“Over the last two years, we discovered a lot of weird, unexpected resonances between both the two of us and our grandfathers’ practices,” Rower explained, glancing towards the pairing of artworks to his left. They are Picasso’s Portrait of a Bearded Man (1964), a pared-down self-portrait assembled from colorful lines, and Calder’s Untitled (c. 1942), a small kinetic sculpture serendipitously coated in the same palette as Picasso’s painting. They’re also the seeds from which the rest of the exhibition grew. As the story goes, Ruiz-Picasso sent an image of the painting to Rower, who replied with a shot of the sculpture. And so, a two-year collaboration commenced.
These two works make up one of several striking pairings across the show, where resemblances between Picasso’s and Calder’s use of color, line, and form are made abundantly clear. But for Rower and Ruiz-Picasso, these aesthetic parallels were but a jumping-off point for a deep dive into the conceptual underpinnings of their grandfathers’ practices. “Of course, there’s an obvious resonance here between the yellow and the green and this zigzag line,” Rower explained, gesturing towards the pieces. “But more importantly, it served as an opener to a much deeper dialogue about these artists.” Ruiz-Picasso finished the thought: “We didn’t want it to be easy, like choosing a jacket and shirt that go together when you wake up in the morning. That’s why this show took two years to organize. We went through a very slow process of studying and discovering; trying to pay attention to every aspect of our grandfathers’ creations.”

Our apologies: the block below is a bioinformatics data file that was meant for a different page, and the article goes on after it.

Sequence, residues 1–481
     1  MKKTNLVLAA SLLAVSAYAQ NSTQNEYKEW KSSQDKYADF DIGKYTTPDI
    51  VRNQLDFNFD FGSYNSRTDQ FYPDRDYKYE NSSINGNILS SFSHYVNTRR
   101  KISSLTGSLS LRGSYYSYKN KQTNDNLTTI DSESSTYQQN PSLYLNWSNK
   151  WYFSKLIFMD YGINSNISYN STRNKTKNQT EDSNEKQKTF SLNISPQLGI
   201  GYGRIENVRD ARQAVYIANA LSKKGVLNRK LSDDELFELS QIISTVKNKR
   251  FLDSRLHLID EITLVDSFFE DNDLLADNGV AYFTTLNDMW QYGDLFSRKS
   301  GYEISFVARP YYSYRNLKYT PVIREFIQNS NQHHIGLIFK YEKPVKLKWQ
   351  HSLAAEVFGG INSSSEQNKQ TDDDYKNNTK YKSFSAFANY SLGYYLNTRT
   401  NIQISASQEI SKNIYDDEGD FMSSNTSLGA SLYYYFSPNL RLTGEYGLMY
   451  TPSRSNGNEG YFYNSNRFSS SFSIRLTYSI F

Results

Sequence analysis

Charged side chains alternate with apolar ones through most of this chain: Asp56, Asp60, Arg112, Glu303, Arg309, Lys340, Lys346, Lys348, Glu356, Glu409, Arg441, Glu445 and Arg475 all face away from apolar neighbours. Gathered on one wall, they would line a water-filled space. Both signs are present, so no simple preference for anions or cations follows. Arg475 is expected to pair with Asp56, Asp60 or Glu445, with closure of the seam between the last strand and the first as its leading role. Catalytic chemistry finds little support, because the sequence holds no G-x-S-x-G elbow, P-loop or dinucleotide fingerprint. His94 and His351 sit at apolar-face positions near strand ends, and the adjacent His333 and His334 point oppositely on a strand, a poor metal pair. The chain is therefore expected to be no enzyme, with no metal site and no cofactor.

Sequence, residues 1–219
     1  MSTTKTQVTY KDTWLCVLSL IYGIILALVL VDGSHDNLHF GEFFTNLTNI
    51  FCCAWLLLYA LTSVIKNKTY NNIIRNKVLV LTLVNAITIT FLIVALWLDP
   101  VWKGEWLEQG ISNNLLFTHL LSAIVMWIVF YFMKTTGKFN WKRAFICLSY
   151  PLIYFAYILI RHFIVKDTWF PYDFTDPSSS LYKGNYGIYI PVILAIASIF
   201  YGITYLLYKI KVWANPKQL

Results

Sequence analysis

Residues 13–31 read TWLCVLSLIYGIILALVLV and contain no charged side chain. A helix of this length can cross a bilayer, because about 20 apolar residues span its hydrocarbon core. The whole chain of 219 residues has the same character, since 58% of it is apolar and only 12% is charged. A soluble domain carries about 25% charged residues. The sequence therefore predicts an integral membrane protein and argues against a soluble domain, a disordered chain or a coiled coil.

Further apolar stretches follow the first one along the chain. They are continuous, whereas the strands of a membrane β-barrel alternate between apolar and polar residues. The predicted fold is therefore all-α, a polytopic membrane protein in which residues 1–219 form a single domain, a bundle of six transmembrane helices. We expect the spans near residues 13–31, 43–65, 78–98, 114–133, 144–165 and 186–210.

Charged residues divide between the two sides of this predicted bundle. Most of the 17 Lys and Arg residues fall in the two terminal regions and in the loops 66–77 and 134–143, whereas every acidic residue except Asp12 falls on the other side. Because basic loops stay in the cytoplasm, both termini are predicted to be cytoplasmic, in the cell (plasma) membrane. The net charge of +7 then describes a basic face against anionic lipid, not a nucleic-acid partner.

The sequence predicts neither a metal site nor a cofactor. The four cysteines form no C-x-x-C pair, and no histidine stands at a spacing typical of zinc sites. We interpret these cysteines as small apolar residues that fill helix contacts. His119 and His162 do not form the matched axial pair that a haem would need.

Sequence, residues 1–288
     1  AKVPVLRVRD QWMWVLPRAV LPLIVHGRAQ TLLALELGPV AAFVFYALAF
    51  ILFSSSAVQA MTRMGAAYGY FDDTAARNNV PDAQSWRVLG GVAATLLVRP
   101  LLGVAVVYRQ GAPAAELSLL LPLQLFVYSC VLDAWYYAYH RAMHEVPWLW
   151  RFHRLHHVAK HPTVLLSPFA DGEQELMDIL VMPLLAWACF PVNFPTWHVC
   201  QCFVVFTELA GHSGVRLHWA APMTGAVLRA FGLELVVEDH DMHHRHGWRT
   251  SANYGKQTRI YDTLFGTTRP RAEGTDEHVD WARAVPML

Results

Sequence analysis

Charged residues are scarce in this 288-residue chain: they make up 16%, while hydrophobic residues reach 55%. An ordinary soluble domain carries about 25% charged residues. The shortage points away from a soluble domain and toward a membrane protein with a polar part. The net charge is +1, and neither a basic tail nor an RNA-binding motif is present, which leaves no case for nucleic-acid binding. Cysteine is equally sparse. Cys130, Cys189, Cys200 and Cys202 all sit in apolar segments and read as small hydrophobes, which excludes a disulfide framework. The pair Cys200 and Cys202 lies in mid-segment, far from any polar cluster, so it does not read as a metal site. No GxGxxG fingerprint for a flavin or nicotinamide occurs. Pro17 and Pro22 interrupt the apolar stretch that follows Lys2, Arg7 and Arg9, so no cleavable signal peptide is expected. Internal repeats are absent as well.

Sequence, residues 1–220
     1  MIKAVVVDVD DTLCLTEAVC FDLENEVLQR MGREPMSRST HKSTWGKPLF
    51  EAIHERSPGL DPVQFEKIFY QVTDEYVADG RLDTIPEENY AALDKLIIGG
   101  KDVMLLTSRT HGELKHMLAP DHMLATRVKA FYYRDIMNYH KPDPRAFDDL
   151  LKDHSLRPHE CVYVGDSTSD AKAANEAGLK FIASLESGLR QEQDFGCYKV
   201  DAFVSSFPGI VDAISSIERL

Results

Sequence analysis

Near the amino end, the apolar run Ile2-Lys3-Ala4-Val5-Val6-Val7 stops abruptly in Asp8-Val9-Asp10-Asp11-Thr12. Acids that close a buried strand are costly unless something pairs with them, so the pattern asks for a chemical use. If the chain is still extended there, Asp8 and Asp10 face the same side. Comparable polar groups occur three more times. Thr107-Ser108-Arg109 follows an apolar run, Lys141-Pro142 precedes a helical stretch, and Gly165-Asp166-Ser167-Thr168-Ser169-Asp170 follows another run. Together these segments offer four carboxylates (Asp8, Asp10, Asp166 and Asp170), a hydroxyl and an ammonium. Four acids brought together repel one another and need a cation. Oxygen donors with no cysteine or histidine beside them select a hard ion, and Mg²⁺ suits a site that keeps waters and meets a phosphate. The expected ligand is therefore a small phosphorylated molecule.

Rower and Ruiz-Picasso are uniquely positioned to study their grandfathers’ work with intensity and intimacy. Both now in their fifties, they’ve lived surrounded by Calders and Picassos—masterpieces and little-known experiments alike—since they were born. All of the pieces positioned across Rech’s New York gallery are owned by the artists’ families or their foundations; some have even sat in their foyers or hung on the walls of their bedrooms. It’s an overlap that’s made for fruitful conversation. “We grew up with these works, we live everyday with them, and we’re sharing that experience with each other,” explained Rower, glancing over at Ruiz-Picasso. In step, Ruiz-Picasso chimed in: “And through the comparison, we’re learning more about their respective practices—both the similarities and the differences.”